The Kiplingcotes Derby has been run every year near Market Weighton, East Yorkshire (UK) since 1519. The race is held the third Thursday of March at 11 a.m. This year’s race marked its 500th anniversary.
The annual race is a four-mile cross-country course. The race starts near the defunct Kiplingcotes railway station and ends at Londesborough Wold Farm. Besides it’s long history the race embraces several quirky characteristics.
Any horse or rider may enter the race regardless of breed, age or ability. A well known “secret” of the race is the practice of entering former racehorses under fake names.
There are no advance entries. Just show up by start time, pay the entry fee and you may race.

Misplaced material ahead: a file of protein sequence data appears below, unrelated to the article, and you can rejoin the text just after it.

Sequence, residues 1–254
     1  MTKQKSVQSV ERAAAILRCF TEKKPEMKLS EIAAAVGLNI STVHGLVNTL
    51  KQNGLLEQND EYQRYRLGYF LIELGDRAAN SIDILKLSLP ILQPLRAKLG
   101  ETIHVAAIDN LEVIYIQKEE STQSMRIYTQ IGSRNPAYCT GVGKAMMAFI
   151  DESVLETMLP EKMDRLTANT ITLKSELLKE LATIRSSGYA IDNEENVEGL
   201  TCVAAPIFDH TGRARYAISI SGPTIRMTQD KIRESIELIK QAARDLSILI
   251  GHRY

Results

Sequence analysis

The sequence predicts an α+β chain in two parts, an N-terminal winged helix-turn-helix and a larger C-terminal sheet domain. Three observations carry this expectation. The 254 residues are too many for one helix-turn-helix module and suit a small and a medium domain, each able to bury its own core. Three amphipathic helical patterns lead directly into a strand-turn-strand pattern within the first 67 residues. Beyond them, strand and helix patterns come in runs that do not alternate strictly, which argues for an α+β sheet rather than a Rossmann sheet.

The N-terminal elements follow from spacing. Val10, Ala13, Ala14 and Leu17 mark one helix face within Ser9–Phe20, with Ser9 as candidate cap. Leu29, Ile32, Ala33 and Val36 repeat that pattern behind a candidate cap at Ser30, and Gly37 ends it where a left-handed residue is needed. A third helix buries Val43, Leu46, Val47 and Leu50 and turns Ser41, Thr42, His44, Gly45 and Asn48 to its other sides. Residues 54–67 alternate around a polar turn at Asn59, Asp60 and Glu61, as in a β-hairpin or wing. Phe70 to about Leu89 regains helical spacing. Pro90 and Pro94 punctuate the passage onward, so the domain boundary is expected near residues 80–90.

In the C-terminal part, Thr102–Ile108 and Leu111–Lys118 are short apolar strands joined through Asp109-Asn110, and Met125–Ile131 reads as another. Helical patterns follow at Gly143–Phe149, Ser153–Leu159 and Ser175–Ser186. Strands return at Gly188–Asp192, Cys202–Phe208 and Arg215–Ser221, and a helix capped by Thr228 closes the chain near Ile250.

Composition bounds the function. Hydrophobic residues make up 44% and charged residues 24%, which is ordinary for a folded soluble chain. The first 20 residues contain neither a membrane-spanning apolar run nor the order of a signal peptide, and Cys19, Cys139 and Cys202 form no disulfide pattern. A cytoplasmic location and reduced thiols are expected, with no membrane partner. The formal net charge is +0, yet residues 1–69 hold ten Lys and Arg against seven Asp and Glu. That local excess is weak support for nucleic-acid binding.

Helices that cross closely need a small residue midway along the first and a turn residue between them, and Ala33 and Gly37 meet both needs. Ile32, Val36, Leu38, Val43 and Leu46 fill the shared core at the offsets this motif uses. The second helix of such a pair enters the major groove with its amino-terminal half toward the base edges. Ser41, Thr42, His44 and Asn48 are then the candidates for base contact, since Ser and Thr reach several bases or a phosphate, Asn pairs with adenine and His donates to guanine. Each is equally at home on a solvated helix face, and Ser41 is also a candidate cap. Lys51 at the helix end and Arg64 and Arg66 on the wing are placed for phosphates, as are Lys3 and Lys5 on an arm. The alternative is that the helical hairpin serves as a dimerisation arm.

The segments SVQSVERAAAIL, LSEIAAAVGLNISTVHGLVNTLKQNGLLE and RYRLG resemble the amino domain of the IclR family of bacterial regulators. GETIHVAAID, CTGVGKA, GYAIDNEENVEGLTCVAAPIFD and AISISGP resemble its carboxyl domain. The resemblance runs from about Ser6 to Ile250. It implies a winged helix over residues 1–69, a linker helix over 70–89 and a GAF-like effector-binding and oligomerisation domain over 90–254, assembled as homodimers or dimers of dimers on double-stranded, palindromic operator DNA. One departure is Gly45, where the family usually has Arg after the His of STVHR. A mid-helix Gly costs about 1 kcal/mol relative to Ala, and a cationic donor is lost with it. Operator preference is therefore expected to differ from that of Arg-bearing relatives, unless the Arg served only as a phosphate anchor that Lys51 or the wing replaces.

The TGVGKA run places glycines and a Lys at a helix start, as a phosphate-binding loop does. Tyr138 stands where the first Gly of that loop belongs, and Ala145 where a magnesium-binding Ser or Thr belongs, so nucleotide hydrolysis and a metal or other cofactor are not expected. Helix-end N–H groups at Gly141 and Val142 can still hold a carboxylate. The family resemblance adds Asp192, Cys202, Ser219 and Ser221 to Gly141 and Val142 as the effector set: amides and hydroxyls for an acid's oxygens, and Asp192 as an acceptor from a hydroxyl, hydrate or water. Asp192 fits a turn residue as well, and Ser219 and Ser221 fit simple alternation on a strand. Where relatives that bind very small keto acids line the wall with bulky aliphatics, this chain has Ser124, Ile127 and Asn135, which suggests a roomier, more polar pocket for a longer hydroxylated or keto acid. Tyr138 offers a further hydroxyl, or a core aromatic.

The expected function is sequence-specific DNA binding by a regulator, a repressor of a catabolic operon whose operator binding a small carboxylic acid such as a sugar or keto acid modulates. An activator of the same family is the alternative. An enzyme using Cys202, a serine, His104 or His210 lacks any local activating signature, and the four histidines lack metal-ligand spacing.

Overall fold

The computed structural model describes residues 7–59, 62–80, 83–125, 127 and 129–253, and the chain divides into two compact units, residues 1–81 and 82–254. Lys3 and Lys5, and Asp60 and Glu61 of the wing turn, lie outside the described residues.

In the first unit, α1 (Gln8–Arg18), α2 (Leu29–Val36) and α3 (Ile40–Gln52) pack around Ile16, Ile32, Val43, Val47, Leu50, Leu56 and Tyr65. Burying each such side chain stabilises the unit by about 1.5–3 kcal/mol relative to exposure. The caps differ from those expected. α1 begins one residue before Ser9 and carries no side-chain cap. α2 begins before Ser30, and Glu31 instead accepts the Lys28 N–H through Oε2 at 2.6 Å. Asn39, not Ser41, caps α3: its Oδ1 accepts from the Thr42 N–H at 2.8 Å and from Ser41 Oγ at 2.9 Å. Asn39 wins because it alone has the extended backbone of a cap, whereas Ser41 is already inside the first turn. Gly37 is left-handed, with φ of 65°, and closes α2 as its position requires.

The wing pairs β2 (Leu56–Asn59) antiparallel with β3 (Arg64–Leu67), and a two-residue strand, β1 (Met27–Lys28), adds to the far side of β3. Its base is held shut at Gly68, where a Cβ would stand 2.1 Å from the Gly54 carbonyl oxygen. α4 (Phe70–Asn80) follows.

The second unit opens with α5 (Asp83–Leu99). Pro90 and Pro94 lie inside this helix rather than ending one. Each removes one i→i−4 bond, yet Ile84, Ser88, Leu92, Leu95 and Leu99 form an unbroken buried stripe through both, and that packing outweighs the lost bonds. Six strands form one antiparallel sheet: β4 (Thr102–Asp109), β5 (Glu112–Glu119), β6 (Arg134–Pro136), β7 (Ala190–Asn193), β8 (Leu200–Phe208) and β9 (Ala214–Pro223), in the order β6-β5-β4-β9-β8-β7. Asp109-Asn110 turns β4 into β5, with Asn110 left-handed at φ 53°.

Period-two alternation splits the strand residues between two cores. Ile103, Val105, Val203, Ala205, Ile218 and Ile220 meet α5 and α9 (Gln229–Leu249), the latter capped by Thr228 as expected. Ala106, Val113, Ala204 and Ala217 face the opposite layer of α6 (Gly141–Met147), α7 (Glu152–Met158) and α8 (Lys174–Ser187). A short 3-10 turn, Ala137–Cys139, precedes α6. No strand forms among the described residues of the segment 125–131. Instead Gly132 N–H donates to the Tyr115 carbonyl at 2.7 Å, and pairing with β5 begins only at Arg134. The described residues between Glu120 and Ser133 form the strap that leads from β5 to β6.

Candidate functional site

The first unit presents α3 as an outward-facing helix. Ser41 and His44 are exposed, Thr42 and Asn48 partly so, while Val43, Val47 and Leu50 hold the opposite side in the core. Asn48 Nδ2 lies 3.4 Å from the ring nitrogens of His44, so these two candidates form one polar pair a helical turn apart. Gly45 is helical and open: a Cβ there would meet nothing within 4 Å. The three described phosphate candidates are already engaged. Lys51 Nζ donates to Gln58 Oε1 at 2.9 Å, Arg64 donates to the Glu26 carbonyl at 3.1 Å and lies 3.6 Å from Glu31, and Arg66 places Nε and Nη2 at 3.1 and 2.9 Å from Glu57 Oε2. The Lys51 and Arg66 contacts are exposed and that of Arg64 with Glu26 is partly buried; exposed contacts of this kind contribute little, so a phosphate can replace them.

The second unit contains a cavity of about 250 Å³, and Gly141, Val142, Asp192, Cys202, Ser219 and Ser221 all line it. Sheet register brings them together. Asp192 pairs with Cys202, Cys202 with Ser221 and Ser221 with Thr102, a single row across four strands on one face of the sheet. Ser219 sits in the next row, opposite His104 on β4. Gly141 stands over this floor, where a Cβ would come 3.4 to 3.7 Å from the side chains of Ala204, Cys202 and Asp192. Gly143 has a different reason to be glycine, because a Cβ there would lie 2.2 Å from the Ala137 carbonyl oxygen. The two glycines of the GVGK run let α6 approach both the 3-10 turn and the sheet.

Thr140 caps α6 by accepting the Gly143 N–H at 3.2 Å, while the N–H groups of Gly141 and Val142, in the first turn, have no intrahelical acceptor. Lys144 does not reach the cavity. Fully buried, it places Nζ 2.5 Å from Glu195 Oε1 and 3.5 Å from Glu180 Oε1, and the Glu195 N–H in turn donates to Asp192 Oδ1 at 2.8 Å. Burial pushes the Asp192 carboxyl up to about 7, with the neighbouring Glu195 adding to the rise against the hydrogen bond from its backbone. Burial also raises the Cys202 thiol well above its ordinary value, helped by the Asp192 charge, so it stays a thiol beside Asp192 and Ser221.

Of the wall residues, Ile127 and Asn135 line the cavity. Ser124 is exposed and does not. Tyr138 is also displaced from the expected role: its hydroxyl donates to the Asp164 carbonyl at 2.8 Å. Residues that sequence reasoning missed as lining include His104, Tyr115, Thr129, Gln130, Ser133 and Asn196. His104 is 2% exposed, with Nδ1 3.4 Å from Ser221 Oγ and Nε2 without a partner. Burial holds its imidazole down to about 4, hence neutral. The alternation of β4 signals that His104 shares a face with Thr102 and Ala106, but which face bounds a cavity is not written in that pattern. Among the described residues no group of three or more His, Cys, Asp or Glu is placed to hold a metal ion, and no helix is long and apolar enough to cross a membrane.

The winner receives a trophy and L50, but the second place finisher receives all the entry fees, which often exceed the first place amount.
Betting on the race is allowed but there is only one official bookie. Because competitors are not pre-registered, odds are calculated just prior to the start of the race.
If you think it’s hard to carry on an annual tradition for 500 years, you would be right. In 1947 harsh weather prevented the start of the race. In order that the centuries old tradition continue a local farmer led his horse through the course during the blizzard. In 2001, when an outbreak of Foot and Mouth disease prevented transportation, another local farmer and horse again walked the course as the soul competitors.
Tracey Corrigan and her horse Frog beat this year’s record field of 36 competitors. This was their 4th win.